January, 2012

Ipocras bags and handkerchiefs

January 27th, 2012 by KM Wall

When I first came across this Tisane – or tyffan as it has been transcribe, but I do think those were long ‘s-s’ and not ‘f-s’ (and it’s harder to write letters then you might think!) there was something about it that seemed …..familiar. It wasn’t until I had had re-read Good News and was looking for another recipe in the Good Housewife Handmaide that I had an A-HA moment – what if Edward Winlsow was using his handkerchief as a substitute for Ipocras bag?

Which begs the question – what is Ipocras and why does it have it’s own bag?

Ipocras – or hippocras – is a spiced wine. Whole spices like ginger and cinnamon are often boiled and steeped in wine, which is then strained before it is served.

“To make a Tyffan
Take a pint of Barley beeing picked, sprinkled with faire water, so put it in a faire stone morter, and with your pestell rub the barley, and that will make it tuske, then picke out the barley from the huskes,  and set your barley on the fyre in a gallon of faire water, so let it seeth til it come to a pottle.  Then put into your water, Succory, Endive, Cinkefoyle, Violet leaves, of each one handfull, one ounce of Anniseed, one ounce of Liquoris bruised, and thirtie great raisons, so let all this geare seeth til it come to a quart:  then take it off, let it stand and settle, and so take the clearest of it, and let it be strained, and when you have strained the clearest of it, then let it stand a good pretie while. Then put in foure whites of Egs al to beaten, shels and all, then stir it ell together, so set it on the fyre againe, let it seeth, and ever as the scum doth rise take it off, and so let it seeth a while:  then let it run through a strainer or an Ipocras bagge, and drinke of it in the morning warme.”

– (1594) Good Huswifes Handmaide for the Kitchen. Stuart Press: p. 51.


Edward Winslow cooks!

January 26th, 2012 by KM Wall

Before I look at pottages in general, here’s more  of Edward Winslow’s account with the ailing Massasoit:

March 1623

“He  [Massasoit] requested me, that the day following . I would take my piece and kill him some fowl, and make him English pottage, such as he eaten at Plymouth, which I promised. After, his stomach coming to him, I must needs make some without fowl, before I went abroad, which somewhat troubled me, being unaccustomed and unac4-5quainted in such business, especially having nothing to make it comfortable, my consort being as ignorant as myself; but being we must do somewhat, I caused a woman to bruise some corn, and take the flour from it,   and set the grit, or broken corn, in a pipkin, for they have earthen pots of all sizes.  When the day broke, we went out, it now being March, to seek herbs, but could not find any but strawberry leaves, of which I gathered a handful, and put into the same; and because I had nothing to relish it, I went forth again, and pulled up a sassafras root, and sliced a piece thereof,  and boiled it, till it had a good relish, and then took it out again.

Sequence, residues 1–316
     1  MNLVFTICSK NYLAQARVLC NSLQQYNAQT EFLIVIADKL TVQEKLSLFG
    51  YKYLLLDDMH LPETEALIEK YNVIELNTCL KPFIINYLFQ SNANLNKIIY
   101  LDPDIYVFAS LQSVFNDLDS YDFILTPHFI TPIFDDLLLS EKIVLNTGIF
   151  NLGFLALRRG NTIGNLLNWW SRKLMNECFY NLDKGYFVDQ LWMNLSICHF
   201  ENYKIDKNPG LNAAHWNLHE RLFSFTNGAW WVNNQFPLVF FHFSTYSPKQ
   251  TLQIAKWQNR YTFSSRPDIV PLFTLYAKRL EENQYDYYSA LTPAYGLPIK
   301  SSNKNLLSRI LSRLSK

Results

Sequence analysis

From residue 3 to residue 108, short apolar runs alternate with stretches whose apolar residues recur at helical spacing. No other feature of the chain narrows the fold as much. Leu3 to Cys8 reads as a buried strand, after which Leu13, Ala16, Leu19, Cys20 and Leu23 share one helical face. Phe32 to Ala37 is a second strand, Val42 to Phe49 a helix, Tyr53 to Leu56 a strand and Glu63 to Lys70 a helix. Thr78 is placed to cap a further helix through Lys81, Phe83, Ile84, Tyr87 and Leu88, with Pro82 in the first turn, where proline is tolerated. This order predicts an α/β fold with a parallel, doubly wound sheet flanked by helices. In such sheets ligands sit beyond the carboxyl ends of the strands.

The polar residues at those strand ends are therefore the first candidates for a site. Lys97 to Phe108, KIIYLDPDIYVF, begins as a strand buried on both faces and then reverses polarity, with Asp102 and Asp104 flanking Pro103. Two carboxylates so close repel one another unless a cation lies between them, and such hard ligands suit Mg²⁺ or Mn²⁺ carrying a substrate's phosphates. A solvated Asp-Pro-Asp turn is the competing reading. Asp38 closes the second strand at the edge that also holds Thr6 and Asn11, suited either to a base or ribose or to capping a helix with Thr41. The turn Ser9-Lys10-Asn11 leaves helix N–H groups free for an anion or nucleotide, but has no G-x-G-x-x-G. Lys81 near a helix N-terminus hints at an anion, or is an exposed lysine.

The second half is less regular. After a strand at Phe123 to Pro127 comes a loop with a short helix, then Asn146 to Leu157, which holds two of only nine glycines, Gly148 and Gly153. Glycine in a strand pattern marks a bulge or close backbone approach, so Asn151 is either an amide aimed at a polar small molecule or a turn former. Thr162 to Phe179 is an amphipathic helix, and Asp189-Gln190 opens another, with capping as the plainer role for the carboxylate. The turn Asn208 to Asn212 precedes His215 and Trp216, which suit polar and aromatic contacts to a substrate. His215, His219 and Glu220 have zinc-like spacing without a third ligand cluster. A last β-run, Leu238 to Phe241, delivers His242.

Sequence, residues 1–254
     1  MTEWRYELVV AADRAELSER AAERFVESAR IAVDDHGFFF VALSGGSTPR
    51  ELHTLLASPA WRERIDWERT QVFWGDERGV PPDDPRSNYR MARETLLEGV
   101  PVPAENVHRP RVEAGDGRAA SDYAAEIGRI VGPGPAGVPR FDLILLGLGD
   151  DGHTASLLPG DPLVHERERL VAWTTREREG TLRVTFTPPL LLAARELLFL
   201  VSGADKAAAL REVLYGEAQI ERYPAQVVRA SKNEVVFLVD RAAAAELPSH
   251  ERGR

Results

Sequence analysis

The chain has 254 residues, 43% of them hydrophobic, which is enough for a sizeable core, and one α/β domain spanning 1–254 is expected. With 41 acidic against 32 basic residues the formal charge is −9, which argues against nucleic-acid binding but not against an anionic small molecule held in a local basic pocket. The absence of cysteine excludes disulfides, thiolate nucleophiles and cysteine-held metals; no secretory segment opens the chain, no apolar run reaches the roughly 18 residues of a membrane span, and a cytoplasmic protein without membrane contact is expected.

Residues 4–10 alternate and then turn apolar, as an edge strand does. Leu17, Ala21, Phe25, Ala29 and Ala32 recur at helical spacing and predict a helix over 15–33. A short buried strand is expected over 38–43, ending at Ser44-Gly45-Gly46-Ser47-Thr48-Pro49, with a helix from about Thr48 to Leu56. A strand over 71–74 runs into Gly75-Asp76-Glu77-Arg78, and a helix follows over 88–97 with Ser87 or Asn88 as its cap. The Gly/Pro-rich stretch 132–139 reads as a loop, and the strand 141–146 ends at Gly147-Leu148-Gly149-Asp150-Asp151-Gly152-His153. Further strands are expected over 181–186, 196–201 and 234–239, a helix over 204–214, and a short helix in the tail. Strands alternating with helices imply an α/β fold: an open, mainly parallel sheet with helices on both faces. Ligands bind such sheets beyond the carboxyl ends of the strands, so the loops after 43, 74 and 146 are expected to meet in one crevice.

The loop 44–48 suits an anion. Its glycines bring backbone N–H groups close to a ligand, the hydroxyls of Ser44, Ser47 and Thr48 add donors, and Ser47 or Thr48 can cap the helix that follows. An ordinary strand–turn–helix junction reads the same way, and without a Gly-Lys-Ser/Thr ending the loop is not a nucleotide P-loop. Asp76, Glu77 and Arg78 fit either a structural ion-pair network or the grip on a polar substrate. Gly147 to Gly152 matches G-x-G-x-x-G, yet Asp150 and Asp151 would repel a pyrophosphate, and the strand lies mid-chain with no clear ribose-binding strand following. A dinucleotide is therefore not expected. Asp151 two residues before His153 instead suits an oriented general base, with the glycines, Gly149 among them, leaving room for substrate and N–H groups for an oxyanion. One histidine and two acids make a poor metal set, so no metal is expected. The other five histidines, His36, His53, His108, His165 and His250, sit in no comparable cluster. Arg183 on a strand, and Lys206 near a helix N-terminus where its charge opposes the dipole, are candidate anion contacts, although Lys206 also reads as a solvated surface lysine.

The broth being boiled, I strained it through my handkerchief and gave him at least a pint, which he drank, and liked it very well.”
- (1624) Good Newes, Applewood ed. p. 34-5.

So what he seems to be saying is that he boiled up some corn grits with a handful of strawberry leaves, added a little sassafras root to flavor it – and then he strained it through his handkerchief?????? This sounds like a punch line from some behind the scenes reality TV dive-diner series. Just what is he trying to do?



English chicken

January 25th, 2012 by KM Wall

Dung hill fowl

…for chickens to make him broth…

January 24th, 2012 by KM Wall

March 1623

“…. for chickens to make him broth ….’” Good Newes, Applewood ed, p. 24

This   reference to chickens in the Plymouth sources is by Edward Winslow about a visit he made to Packanokick to visit a sick Massasoit. His sends a letter by messenger back to Patuxet (a/k/a/Plymouth)  - at two o’clock in the morning no less – which requests the chickens and other physic as the surgeon might send.

But before the messenger returns, Massosit is feeling better and requests the Winslow use his piece (gun) to kill some fowl and make some English pottage.

This little reference is foodways HEAVEN.  Not only are they mentioning specific  foodstuffs, they are mentioning how they use them and when. Chicken broth is good for those who are ill. Chickens are in Plymouth. Pottage  was served to Massasoit – and he liked it.

The Plymouth sources are the alpha and omega of the foodways search. This is the foodways A-list – what are the things they say  they have. Archaeology is also the A-list, because sometimes they have things and don’t mention them, and court documents, inventories, even extant objects. This is the beginning. This is the stuff that is documented as there.

So then the $64,000 questions here are – just what the heck is ‘pottage’?  And is chicken broth in 1623 like chicken broth now?

Cookbooks will help answer these questions. They help supply the background, and that’s why they’re on my B-list.

© 2003-2011 Plimoth Plantation. All rights reserved.

Plimoth Plantation is a not-for-profit 501 (c)3 organization, supported by admissions, grants, members, volunteers, and generous contributors.